It looks like Apple is gunning for some sweet tariff exemption from the United States for its manufacturing.
After the meeting with Cook, Trump said: "I had a very good meeting with Tim Cook". Trump acknowledged that it was "tough" for Apple to be paying tariffs on its China-made products when Samsung was not subject to them, but made no indication that exemption for Apple was on the cards.
Apple, naturally, complained about the tariffs and made its case when CEO Tim Cook had dinner with President Trump last Friday.
On Aug. 13, Trump postponed the new 10% tariffs on some consumer items (including smartphones and video games) until December 15.
On Aug. 1, Trump announced 10% tariffs will be levied on September 1 on the remaining $300 billion worth of Chinese imports not hit by new USA tariffs.
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He said on CNN that it was "a fool's errand" to think tariff increases will compel China to change its economic approach. Dawson later told Fox News that he holds no hard feelings toward the president after the mixup.
The original timing of the new import duties had caused concerns over their impact on the Christmas shopping season.
Cook said Trump's new tariffs will "tilt the playing field" in favor of its global rivals, among which are many Chinese companies. In June, The Wall Street Journal reported Apple planned to shift production of the MacBook Pro laptop to China.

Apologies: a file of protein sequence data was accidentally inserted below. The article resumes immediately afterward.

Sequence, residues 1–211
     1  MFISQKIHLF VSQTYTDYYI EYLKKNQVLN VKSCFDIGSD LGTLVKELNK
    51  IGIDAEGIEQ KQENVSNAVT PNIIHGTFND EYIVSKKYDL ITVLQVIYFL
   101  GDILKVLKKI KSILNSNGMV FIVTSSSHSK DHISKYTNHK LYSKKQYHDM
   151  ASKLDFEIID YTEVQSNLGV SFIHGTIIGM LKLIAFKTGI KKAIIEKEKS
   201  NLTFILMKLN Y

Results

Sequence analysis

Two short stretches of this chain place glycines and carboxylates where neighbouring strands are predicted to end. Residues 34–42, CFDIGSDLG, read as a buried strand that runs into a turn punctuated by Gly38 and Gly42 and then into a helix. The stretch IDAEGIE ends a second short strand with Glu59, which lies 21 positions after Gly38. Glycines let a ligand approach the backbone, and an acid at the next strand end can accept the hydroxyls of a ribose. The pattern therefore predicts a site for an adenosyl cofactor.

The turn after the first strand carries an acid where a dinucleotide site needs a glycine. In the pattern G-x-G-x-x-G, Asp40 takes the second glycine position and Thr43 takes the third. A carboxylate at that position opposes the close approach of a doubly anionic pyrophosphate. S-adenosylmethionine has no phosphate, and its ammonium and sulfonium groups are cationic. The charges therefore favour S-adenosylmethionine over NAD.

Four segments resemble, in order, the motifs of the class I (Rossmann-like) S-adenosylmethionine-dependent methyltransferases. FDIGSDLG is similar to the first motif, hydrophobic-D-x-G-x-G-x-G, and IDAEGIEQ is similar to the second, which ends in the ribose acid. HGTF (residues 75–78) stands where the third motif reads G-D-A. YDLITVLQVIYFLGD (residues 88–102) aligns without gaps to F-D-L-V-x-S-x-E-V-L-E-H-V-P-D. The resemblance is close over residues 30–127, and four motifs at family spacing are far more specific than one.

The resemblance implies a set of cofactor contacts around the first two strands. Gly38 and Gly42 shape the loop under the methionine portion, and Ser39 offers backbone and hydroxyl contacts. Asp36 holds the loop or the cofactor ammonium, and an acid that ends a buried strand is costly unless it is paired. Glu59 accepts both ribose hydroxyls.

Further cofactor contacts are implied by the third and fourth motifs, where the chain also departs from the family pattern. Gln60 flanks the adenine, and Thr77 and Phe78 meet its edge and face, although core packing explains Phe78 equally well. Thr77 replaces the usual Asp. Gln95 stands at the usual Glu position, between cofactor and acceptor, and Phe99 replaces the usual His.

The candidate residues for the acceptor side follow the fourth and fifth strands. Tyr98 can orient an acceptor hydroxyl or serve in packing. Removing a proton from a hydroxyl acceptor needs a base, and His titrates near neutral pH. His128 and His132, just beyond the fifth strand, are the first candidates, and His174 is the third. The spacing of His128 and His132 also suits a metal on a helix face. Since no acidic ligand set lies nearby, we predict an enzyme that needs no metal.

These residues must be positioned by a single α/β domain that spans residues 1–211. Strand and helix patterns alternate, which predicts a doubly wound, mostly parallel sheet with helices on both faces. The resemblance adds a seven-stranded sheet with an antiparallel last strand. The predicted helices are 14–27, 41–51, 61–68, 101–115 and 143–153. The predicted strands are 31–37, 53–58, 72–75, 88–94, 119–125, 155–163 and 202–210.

Apple needs to incorporate the cost of tariffs into the cost of goods, while Samsung now won't, putting Apple at a competitive disadvantage.
"We urge the USA government not to impose tariffs on these products", said Cook.
In sending this letter, Apple joined a large number of companies pushing Trump to abandon plans for more tariffs on Chinese goods. Apple would be hit by new tariffs set to come into effect September 1 because its products are largely made in China, while Samsung would avoid such a hit thanks to its manufacturing taking place mostly in Vietnam, India, Indonesia and other countries. I said, "How good a competitor?"